• Nina

      My family dines at places like the one you describe a couple times a year, as a part of special occasions. From this I’ve learned that, while the standard 15% for good service, 20% for excellent rule applies–when staff is well-trained and well-paid, as they usually are at these places, the service is almost always excellent. It’s really a pleasure to watch people who are good at their jobs work, and I find it adds a lot to the meal if the waitstaff is amazing. Go with your gut–if the staff enhances your experience of an already stellar meal, they’re worth the 20%!

      • Thank you all! An 18% gratuity was automatically included, so the decision was taken out of my hands.
        The reason pay scale matters is why the US has become a tipping culture, and other countries have not. In fact, I inadvertently offended a bartender in New Zealand by asking where the line for my tip was located on the credit card receipt (the bartender said, “you have so much money to show off that you want to pay more?”) They simply don’t have that “TIP:______________” line on any receipts. In places where waitstaff/servers are paid a living wage, tips aren’t necessary to cover their pay. Here most waitstaff make under minimum wage as they are expected to make up the difference in tips. Because our culture is unique, many U.S. destinations who cater to a large international base have started placing mandatory gratuities on the bills (as was the case with my recent restaurant) since no one was tipping except other Americans.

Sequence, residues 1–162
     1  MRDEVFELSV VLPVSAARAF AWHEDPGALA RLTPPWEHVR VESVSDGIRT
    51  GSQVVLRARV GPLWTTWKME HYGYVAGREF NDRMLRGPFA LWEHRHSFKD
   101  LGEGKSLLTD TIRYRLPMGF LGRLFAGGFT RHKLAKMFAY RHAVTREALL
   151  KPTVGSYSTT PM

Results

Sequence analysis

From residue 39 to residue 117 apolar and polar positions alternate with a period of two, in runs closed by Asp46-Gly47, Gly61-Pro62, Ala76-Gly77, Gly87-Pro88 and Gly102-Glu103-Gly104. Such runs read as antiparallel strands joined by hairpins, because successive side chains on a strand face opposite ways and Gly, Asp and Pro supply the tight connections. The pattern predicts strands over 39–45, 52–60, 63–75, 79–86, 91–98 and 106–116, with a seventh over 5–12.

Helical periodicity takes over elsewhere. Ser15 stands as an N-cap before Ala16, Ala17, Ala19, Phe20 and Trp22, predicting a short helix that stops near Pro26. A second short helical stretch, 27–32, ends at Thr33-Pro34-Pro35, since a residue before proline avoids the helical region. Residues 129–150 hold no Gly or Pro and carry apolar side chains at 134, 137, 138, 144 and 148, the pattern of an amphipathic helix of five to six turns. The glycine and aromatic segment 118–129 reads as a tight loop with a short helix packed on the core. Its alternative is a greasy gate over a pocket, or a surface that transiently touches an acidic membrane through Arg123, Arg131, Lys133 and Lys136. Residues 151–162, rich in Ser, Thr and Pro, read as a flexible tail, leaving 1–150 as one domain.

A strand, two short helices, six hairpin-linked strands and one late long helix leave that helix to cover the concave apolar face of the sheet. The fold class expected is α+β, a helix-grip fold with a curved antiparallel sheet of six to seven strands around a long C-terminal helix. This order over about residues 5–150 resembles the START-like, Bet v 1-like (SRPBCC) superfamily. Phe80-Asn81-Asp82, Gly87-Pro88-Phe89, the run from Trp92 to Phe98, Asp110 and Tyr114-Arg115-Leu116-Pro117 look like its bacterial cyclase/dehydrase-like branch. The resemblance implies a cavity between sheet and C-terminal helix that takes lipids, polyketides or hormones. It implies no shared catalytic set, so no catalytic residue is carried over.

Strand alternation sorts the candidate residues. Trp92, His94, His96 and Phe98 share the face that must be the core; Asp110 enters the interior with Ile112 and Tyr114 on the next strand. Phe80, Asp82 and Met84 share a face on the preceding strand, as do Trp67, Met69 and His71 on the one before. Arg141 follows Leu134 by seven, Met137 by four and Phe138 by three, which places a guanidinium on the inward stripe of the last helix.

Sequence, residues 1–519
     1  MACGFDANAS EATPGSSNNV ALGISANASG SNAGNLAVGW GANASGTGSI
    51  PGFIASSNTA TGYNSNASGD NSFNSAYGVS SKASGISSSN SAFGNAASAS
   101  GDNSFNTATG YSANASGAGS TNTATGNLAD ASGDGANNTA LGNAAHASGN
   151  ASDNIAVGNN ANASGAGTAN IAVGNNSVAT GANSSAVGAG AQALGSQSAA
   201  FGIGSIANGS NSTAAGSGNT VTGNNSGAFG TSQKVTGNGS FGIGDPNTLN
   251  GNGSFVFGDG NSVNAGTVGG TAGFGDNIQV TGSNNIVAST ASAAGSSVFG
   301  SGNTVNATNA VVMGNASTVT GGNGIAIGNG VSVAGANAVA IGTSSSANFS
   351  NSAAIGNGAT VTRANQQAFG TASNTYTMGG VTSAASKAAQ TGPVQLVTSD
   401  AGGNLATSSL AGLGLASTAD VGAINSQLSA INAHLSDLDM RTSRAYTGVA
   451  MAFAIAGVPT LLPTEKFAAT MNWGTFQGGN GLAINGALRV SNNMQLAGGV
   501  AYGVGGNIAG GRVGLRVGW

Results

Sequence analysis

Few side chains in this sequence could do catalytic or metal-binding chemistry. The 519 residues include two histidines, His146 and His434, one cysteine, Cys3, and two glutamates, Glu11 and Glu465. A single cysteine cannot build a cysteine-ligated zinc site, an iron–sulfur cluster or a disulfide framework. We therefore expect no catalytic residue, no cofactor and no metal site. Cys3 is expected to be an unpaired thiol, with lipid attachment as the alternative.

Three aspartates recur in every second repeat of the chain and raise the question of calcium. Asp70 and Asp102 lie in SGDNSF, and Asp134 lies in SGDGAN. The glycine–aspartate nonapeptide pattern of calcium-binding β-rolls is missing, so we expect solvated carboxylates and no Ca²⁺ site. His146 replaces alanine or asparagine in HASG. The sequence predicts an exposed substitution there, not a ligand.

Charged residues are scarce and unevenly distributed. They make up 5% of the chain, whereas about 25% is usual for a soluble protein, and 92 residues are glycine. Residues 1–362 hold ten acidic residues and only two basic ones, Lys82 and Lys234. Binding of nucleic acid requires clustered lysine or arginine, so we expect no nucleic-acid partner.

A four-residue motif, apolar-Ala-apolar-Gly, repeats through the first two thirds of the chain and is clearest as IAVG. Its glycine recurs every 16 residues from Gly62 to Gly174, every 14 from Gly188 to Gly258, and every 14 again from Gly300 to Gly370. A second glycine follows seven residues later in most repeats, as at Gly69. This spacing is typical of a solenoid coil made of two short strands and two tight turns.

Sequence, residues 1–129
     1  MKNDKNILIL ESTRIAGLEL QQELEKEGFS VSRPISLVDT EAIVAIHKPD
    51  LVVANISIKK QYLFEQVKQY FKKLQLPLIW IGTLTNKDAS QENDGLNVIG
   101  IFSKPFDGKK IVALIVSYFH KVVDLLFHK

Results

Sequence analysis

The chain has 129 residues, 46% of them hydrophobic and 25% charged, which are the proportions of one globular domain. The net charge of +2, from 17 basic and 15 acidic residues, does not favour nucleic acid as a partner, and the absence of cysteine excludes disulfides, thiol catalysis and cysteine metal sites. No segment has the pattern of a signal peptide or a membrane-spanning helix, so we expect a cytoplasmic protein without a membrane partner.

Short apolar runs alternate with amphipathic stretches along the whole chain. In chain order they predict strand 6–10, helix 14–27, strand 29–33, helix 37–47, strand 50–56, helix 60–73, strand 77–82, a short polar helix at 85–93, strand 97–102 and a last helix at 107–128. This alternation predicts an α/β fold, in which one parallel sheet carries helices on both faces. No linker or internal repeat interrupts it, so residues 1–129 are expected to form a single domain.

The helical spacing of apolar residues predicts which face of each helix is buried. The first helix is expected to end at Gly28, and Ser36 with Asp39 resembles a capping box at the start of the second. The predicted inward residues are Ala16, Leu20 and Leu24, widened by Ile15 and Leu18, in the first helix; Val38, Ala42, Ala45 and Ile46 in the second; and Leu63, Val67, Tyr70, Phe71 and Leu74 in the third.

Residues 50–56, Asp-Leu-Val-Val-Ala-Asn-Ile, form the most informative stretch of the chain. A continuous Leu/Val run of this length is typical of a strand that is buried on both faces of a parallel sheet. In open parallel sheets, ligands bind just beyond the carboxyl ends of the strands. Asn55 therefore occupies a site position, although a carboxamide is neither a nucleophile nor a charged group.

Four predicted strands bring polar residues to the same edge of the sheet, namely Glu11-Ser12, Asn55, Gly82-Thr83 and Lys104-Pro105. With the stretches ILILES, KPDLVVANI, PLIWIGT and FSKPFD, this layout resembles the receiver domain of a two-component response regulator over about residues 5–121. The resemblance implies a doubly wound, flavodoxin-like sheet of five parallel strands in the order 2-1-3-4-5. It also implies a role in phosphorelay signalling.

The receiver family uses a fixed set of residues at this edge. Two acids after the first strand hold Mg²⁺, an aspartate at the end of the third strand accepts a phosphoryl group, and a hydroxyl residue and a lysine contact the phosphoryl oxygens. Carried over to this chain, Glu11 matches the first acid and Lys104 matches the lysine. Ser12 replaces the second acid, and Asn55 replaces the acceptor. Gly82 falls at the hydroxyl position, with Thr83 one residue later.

I say all that to explain why I would ask the question in the first place; I’m not trying to justify a lack of gratuity. I definitely tip staff.

  2. Annie

    Hi,

    I am a professional wedding videographer. My good friend invited me to his daughters wedding as a guest but also wants me to video the event. My question is do I need to give a gift? My professional services would cost more than what I would spend on a wedding gift. Right now I’m thinking an inexpensive gift from their registry will be enough but I can’t help wonder if my professional service isn’t gift enough. Thanks.

    • Elizabeth